Boys Baby Names: Spotlight on Oscar
There’s a lot of Oscar buzz in the air. From the announcement of Academy Award nominees in mid January to the red-carpet ceremony in late February, we chatter about who will take home Tinseltown’s top trophies. But the name Oscar isn’t just the stuff of Hollywood legends, it turns out. Let’s have a closer look into this much celebrated, and much mythologized, name.
There are two main theories for the origin of the name Oscar. The first thinks Oscar comes from the Old English Osgar. This name literally means “god’s spear” or “divine spear,” conveying the sense of a “champion warrior.”
The first part of Osgar, os, was an Anglo-Saxon word for “god” commonly used in personal names. It lives on in other names, too: Osborne (“god’s bear”), Osmond (“divine protection”), and Oswald (“god’s power”), to name a few. Too old-fashioned for your taste? Then you might find their common nickname, Oz, divine. The remaining part, gar, meanwhile, shows up in the name Roger, or “famous (with a) spear.”
The second theory roots Oscar in Irish lore. As he’s remembered in the ballads of what’s called the Fenian Cycle of Irish mythology, Oscar was a vaunted warrior. The literal meaning of his name, though, may not sound so fierce: “deer friend.” (Here, os means “deer” and cara, “friend”.) But why deer? These folkloric fighters were also known for their skill in hunting, for one thing. The name may also allude to a legend that a druid transformed Oscar’s grandmother into a deer. Indeed, the name of Oscar’s own father, the bard-battler Oisin, means “fawn.”
In the mid 1700s, Scottish poet James Macpherson claimed he discovered the actual poetry of Oisin. Though Macpherson essentially fabricated his ‘translation, it was still enormously popular in his day. French general Jean–Baptiste Bernadotte, later crowned King of Norway and Sweden in 1818, named his son Oscar due to great admiration for Macpherson’s poetry. Some even say Napoleon himself suggested the name. Bernadotte’s son went on to become Oscar I of Sweden, enthroning Oscar as royal name, where it remains, as we saw, much beloved today.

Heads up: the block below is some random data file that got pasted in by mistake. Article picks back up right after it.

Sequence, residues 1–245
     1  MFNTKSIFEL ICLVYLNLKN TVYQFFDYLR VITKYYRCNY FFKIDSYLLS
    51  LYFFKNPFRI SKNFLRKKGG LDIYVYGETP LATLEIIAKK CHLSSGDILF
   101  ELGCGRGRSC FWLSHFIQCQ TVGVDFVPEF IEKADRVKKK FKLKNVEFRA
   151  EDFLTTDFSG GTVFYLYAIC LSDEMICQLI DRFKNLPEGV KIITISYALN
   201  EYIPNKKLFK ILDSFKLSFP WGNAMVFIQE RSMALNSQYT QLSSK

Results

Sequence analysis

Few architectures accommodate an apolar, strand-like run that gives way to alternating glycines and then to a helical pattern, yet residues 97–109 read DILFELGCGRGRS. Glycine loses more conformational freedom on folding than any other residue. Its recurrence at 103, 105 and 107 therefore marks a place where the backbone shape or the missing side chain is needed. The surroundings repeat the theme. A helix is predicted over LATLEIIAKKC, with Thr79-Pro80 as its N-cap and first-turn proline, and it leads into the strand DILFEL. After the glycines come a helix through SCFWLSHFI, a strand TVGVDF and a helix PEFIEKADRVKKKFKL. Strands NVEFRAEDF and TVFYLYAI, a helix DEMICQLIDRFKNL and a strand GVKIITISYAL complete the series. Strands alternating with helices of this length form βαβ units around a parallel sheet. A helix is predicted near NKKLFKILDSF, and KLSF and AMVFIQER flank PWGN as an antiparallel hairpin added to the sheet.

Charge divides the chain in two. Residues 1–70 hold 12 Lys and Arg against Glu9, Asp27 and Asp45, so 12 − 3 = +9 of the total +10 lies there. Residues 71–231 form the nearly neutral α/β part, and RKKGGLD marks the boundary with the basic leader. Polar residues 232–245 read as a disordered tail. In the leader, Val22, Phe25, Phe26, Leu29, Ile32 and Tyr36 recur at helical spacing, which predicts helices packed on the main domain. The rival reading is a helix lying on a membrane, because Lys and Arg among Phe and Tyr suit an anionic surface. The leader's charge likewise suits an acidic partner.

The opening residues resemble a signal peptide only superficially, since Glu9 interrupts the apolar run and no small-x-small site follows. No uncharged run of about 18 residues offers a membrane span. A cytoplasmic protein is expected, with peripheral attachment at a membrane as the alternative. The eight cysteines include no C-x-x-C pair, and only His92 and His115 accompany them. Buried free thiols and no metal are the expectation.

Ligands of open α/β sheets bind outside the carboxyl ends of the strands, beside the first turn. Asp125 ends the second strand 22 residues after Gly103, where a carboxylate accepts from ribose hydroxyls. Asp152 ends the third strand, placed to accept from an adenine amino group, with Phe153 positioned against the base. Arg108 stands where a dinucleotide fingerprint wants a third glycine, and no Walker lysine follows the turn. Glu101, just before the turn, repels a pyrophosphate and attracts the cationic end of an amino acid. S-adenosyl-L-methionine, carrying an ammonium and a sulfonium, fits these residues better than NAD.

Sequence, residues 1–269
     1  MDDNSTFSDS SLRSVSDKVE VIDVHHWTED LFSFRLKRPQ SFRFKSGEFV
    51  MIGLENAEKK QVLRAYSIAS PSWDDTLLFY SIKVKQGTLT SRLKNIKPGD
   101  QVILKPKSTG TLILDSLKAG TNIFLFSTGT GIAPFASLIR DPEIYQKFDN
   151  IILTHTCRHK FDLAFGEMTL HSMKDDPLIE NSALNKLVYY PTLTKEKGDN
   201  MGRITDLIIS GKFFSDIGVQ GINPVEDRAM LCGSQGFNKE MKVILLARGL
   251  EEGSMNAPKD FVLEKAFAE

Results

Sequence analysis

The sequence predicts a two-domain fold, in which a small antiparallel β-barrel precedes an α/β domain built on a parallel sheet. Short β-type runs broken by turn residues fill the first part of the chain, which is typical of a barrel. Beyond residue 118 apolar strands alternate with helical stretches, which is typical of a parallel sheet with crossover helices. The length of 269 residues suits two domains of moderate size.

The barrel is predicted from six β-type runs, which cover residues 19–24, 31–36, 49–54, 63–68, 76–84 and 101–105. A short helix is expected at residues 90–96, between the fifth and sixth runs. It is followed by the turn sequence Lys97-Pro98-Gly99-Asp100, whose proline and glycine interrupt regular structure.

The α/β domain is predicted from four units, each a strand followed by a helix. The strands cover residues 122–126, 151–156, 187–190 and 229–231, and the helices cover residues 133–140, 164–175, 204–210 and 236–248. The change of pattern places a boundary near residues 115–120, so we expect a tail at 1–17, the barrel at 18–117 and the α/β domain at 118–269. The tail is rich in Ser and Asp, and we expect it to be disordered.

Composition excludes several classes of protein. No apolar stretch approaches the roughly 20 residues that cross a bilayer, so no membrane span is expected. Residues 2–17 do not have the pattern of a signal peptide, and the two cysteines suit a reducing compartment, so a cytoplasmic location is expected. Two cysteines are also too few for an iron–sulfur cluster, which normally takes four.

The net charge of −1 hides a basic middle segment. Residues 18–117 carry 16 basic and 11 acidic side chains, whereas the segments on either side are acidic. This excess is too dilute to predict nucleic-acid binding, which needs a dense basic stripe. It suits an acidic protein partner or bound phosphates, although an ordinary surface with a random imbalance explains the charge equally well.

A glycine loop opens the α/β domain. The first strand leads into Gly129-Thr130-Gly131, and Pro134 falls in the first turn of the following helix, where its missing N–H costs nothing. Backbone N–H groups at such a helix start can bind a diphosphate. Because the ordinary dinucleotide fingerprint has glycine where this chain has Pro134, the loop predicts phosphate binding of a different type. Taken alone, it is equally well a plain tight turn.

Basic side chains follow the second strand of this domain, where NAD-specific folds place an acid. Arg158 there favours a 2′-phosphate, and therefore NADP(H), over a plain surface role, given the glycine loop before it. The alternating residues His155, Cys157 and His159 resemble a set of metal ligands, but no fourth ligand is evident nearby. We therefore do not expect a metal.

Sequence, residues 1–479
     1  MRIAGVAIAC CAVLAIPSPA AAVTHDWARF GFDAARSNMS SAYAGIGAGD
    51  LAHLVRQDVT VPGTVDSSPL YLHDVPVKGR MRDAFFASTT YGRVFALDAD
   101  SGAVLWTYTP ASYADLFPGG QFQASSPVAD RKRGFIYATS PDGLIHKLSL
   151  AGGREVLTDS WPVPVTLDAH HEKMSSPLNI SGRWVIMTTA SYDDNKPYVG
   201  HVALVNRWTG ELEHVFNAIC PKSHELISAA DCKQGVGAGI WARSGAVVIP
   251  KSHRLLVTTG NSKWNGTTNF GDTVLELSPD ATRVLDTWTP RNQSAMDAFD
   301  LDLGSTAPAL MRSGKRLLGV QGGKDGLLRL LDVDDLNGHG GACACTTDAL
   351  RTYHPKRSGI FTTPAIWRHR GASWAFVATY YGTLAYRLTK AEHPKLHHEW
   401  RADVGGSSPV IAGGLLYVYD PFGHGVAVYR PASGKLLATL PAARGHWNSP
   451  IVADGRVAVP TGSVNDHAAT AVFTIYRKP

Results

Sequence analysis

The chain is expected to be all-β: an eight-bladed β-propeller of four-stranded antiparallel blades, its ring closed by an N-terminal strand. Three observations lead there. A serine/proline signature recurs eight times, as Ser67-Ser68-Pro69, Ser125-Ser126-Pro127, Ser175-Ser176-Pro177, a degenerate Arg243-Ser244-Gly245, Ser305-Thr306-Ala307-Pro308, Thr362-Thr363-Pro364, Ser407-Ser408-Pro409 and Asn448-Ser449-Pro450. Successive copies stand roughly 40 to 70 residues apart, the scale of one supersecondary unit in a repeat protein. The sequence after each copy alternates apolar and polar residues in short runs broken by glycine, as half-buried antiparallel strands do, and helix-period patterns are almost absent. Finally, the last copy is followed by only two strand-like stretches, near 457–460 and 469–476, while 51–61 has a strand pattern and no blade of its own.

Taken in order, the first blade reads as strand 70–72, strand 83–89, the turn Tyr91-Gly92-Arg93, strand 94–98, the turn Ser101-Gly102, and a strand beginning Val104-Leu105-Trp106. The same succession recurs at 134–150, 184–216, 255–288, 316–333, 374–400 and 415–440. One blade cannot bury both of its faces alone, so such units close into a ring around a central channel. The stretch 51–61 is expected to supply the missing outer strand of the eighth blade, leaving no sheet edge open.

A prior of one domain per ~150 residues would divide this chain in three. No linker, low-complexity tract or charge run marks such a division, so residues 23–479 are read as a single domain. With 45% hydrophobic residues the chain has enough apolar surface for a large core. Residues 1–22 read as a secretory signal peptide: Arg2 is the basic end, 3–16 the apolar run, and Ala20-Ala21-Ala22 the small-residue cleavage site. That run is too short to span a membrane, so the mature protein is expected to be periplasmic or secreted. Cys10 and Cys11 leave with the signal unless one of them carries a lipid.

The name of another famous Irish writer, Oscar Wilde, may also nod to the mighty Oscar of Celtic myth. And Oscar the Grouch, the shaggy, green, trashcan-dwelling curmudgeon on Sesame Street, may have taken his name, and personality, from a rude waiter at Oscar’s Tavern, a Manhattan dive bar.
As for Oscar the golden statuette awarded by the Academy of Motion Picture Arts and Sciences every year around this time? Formally called the Academy Award of Merit, the nickname Oscar has several origin stories. One, acknowledged by the Academy itself, credits Margaret Herrick in 1931. Then librarian of the Academy, Herrick commented that the statuette looked like her Uncle Oscar. That Oscar was actually her cousin, Oscar Pierce, a wheat and fruit farmer.
But Hollywood gossip columnist Sidney Skolsky claimed he coined “Oscar” when covering the ceremony for New York’s Daily News in 1934. Seeking to mock Hollywood’s self-importance (and possibly struggling to spell the word statuette), Skolsky drew on a vaudeville gag: A comedian asks an orchestra conductor, “Will you have a cigar, Oscar?” only to pull away when he reaches for it. This Oscar, apparently, alludes to Oscar Hammerstein I, theater impresario, cigar manufacturer, and grandfather of Broadway lyricist Oscar Hammerstein II, of Rodgers and Hammerstein fame.
Whatever the case, Skolsky’s use of Oscar in 1934 is considered the earliest written record we have of the statuette’s nickname, and, in spite of his snide intentions, he helped to popularize it. The Academy went on to adopt the nickname in 1939 and officially rebranded the Academy Awards as the Oscars in 2013.
Some actors don’t just win gold: They turn their names into it. Oscar Asche, a popular Australian thespian in the early 20th century, lived extravagantly in his heyday. Noting this, Australians used Oscar Asche as rhyming slang for “cash” (money), later shortened to oscar.
The name Oscar has truly gotten quite the bang for its buck, er, oscar. For the fifth time since 1998, Oscar was the most common name for Swedish newborn boys in 2016, according to Statistics Sweden. In the U.S, it ranks in the top 200 boy names. And over here on Nameberry, it’s climbed all the up way to #21. Its exact origins may be disputed, but there’s no doubt that the name Oscar – triumphant warriors, actors, and Swedes alike – is a winner.